• Ask for 30 minutes. Getting an hour of someone’s time might be a challenge. But, if you can get an hour…sweet!
  • If you can get the person to meet you offsite, do it! They’ll be less likely to be interrupted by co-workers. To that end, if you shoot for a meeting at the beginning of the day the person is less likely to be distracted by the day’s work.
  • Confirm the meeting a day or two before. Don’t be discouraged or deterred if the person has to reschedule; it happens.

Do Your Homework

  • In an informational interview, YOU are interviewing the person you’re meeting with. In a job interview, THEY are interviewing you. So, prepare!
  • Google the living hell out of the person you are interviewing with, and the company the work for. Don’t be creepy, but dig deep. The more you know about what they do and how they got there, the more you can ask questions that are relevant and thoughtful. It may even reveal connections or common interests you weren’t aware of!

Interview Day

Show Up Early

  • If you are meeting someone for coffee, get there an hour early. I’m not joking. You want to be the first one there, so you can buy the person their cup of coffee. This is a critical piece of etiquette! Even if the person refuses your offer to pay — at least you’ve made the offer.
  • If you’re meeting someone at their office, try to be 10 minutes early. That’s early enough to show you’re serious, not so early that it’s awkward. It also doesn’t cut it too close; you want time to take off your coat and organize your thoughts. Whatever you do, don’t be late.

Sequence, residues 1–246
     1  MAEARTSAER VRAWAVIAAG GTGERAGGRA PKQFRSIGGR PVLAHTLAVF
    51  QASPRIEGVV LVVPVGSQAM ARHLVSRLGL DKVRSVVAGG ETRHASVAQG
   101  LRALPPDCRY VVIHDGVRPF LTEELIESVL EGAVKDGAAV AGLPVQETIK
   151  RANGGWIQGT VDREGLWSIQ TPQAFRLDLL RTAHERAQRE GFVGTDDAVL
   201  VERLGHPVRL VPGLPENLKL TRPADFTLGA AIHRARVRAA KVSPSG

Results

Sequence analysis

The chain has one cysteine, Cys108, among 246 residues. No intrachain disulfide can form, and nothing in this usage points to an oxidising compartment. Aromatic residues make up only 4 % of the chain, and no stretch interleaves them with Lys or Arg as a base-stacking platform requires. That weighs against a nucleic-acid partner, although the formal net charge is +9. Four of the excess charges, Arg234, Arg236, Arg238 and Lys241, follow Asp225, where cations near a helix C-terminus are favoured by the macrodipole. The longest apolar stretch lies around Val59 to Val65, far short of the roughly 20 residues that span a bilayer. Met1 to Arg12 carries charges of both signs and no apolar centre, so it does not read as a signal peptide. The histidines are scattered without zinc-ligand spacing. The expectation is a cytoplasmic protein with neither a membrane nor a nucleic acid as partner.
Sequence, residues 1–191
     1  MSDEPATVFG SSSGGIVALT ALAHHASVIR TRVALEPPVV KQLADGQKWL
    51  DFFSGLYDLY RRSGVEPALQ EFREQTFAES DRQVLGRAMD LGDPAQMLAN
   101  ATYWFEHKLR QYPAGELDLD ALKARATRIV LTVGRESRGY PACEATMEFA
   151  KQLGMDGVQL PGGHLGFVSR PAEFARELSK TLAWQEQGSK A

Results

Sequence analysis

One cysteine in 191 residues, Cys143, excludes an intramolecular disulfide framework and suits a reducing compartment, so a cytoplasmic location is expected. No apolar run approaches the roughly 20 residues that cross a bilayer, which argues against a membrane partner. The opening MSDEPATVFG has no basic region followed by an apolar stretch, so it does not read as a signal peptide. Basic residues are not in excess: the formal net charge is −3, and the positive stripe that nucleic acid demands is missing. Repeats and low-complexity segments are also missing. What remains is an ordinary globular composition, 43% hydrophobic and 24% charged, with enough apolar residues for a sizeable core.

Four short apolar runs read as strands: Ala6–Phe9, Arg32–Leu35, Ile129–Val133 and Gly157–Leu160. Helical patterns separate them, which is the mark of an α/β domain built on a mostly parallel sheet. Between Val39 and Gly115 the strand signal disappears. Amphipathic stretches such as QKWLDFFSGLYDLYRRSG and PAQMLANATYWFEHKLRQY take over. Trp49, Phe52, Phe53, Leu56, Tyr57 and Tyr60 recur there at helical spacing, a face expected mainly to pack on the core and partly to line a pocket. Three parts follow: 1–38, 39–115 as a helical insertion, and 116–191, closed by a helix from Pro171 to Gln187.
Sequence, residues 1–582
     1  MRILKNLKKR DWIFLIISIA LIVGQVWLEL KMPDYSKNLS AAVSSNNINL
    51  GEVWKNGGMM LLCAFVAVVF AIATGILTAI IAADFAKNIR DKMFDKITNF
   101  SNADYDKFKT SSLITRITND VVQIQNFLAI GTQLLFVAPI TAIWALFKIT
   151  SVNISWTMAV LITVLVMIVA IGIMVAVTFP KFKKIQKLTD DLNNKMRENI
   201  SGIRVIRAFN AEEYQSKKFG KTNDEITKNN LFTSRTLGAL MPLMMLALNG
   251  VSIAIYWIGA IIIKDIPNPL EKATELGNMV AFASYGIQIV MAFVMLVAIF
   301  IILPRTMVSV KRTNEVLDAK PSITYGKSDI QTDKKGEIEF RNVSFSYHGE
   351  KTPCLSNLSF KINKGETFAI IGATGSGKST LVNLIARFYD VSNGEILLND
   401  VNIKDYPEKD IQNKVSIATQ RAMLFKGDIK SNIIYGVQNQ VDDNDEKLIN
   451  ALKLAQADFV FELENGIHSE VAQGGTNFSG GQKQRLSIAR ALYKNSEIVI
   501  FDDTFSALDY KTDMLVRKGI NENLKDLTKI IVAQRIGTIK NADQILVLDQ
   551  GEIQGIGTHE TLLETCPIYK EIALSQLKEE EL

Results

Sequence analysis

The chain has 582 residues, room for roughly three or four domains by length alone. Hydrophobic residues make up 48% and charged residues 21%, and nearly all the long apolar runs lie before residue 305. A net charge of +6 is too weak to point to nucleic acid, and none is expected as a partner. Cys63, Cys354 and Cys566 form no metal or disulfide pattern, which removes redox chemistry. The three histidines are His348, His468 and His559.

• Play it safe. Assume that the route to your destination will take you twice as long as it usually does. If that means you end up sitting in your car a block away for 20 minutes just to kill time before the interview, so be it.

Have an Agenda

  • Have a list of questions that you want to ask the person. And not generic questions, either. Be thoughtful; you’ll make an impression.
  • Bringing a notebook and pen is an easy way to make it clear that you take the interview seriously.
  • Watch the clock: if the person agreed to give you 30 minutes and the conversation is still rolling along at 28 minutes, give a courtesy time check. “Do you need to go, or would it be okay if I asked you just one more question?” or, “I don’t want to take too much of your time, and I see our 30 minutes is nearly up.” You can set your phone to vibrate when there are 5 minutes left so that you know it’s time to start closing the conversation.

Close Strong

  • Thank the person for their time.
  • If you got something helpful out of the conversation, tell them.
  • Hand them a business card.


Follow Up

  • A tweet, an email, a paper thank you note? I’d recommend all three! Include a business card with your thank you note, too — why not?
  • It’s okay to try to connect with the person via LinkedIn afterward, but include a personal message, “Thanks for the informational interview on Monday. Your advice about project management was really helpful to me. I’d like to keep in touch, do you mind if we connect here on LinkedIn?”